Mercedes: This is the 4th race in a row where they’ve failed to score a single point. Lewis has to be hoping the 2013 car is as different from this one as chalk is from cheese.
Rosberg appeared to me to have some fault in the crash with the HRT. Slow motion replays show him turning inside the HRT very late and of course as the slower car failed and decelerated quickly the German had nowhere to go.
Kimi: We all heard the radio messages, but what people may not realise is that in the Lotus team it is not Kimi’s race engineer, Mark Slade, that we hear on the radio. Mark goes back a long way with Kimi and was his engineer at McLaren. He apparently warned Lotus pit wall radio man Simon Rene when Kimi took the lead he would not appreciate being radioed and liked to concentrate.
Of course Simon told Kimi the gap to Alonso and he responded, “just leave me alone I know what I’m doing”. The when leading behind the safety car, Simon again reminded him about keeping the tyres warm. Exasperated Kimi barked back, “yes yes yes yes I’m doing all the time you don’t have to remind me”.
During the podium interviews, David Coultard asked Kimi about this and he told us, “”I’m not a big fan of being told many things – I know what to do.” Known for his ‘good times’ the Fin added “Of course we will have a big party tonight and tomorrow when we are feeling bad we will remember why”.
What I find ironic is that as I suggested Kimi likes a drink, and he has to win 1 of the 2 races on the season long calendar where the podium drinks is not alcoholic. According to Coultard, Kimi is very talkative when he’s had a few beers – so much so you can’t shut him up.
Lotus may have a tougher job on their hands next year as today we learned Mike Elliot their aero guru is leaving for Mercedes.
Abu Dhabi decency laws: Sebastian Vettel and Kimi Raikonen may consider themselves fortunate for not attracting the attention of the local authorities after swearing on the podium through the microphone. “Acting aggressively, cursing, spitting or using offensive language can result in imprisonment.” (link) Now that would cheer Fernando up.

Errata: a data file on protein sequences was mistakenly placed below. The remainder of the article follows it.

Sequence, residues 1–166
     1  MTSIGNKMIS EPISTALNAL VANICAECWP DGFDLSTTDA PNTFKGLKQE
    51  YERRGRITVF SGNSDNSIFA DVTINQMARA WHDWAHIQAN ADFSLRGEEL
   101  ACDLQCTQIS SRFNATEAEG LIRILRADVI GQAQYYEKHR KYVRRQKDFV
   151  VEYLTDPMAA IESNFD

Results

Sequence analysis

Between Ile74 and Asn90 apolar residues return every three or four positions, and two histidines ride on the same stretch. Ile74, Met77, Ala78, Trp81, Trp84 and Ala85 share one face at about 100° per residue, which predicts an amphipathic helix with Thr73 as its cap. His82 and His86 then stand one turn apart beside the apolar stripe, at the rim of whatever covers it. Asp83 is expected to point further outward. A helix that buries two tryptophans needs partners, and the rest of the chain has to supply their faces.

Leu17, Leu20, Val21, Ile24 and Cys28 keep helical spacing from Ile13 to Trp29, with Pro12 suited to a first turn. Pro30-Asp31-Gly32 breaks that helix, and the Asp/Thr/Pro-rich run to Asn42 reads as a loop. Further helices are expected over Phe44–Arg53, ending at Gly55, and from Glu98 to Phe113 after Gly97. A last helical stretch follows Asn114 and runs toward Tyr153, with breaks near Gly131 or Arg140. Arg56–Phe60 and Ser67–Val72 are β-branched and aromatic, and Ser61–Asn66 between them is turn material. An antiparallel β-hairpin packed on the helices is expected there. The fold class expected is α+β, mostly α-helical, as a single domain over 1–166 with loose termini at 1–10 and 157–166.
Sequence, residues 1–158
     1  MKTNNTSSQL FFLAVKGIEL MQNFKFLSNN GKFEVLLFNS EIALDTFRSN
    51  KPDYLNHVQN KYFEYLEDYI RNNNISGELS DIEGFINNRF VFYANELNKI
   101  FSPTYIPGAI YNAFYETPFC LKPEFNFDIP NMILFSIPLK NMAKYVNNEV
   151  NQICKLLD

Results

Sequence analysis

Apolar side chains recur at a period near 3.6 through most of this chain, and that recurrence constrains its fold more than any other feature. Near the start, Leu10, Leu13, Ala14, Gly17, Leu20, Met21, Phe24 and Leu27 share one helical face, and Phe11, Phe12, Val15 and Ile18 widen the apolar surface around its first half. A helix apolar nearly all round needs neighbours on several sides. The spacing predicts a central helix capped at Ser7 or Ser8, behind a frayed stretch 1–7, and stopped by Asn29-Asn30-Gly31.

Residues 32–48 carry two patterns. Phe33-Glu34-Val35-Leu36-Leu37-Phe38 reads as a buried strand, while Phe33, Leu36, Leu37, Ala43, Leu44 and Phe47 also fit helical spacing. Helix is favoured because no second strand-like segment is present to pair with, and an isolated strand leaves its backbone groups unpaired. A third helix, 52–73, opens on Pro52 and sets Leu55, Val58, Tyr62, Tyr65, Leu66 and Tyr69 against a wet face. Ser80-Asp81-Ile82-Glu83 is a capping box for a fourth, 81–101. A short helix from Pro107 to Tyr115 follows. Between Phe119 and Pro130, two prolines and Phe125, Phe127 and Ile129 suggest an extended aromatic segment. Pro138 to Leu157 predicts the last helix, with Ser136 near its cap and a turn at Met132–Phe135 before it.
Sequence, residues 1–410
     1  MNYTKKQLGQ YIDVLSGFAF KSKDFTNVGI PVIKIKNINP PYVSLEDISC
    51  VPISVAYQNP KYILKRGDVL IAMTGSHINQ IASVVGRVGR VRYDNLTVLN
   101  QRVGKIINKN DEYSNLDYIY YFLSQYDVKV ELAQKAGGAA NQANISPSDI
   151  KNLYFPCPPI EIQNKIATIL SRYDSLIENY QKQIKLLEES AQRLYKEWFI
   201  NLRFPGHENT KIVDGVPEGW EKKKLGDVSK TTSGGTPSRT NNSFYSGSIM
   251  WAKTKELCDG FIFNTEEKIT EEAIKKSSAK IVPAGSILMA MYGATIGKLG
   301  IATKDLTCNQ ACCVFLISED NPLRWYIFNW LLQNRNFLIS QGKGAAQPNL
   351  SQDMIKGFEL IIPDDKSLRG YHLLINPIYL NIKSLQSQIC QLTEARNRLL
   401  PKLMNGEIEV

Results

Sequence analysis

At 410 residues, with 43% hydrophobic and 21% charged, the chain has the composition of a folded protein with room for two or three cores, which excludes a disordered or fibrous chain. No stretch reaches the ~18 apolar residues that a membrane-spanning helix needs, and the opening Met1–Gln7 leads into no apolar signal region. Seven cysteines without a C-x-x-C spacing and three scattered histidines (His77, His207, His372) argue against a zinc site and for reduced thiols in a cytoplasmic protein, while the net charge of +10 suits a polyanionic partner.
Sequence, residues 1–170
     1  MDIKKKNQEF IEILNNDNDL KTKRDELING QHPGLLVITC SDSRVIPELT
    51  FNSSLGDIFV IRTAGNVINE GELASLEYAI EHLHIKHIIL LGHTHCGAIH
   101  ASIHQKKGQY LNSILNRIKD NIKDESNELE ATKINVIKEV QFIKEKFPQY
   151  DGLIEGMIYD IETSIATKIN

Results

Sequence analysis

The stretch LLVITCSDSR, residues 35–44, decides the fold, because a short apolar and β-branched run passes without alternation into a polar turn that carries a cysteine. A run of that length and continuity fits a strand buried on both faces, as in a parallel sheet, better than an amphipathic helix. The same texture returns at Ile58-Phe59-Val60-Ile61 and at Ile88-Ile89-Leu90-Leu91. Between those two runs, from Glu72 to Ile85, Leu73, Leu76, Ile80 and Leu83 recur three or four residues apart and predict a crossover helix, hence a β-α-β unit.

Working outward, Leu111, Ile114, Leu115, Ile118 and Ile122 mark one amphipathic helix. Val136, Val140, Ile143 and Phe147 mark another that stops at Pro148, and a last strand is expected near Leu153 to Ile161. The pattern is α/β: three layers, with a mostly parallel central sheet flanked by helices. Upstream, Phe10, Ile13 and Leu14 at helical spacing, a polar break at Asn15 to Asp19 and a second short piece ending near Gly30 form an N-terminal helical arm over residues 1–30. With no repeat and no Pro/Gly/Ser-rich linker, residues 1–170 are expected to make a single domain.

Sebastian Vettel has issued a statement on the Red Bull racing site that says: “I’m terribly sorry for using the wrong word on the podium today and I’m sorry if I have offended anyone who was watching. In the heat of the moment, I didn’t use the right words and I apologise. I’ll do it better next time.”
Prost and French GP: Sorry people – yet another racing calendar story. Prost has agreed to join Paul Ricard’s race bid as an advisor, but was scheduled to be in Abu Dhabi this weekend in his ambassadorial role for Renault and agreed to have discussions on the matter.
While hopeful, Prost is realistic about Paul Ricard’s chances. “The weak point is the lack of funds, even though they are in talks with several potential partners,” he said. “The budget is far from being completed,” said Prost. “It will not be resolved in the meeting today, but it can be done in a couple of days, or not at all.”
Good. At least we know if this is not resolved this week we can forget about it. I don’t see it due to the french governments absolute opposition for any public money to be used.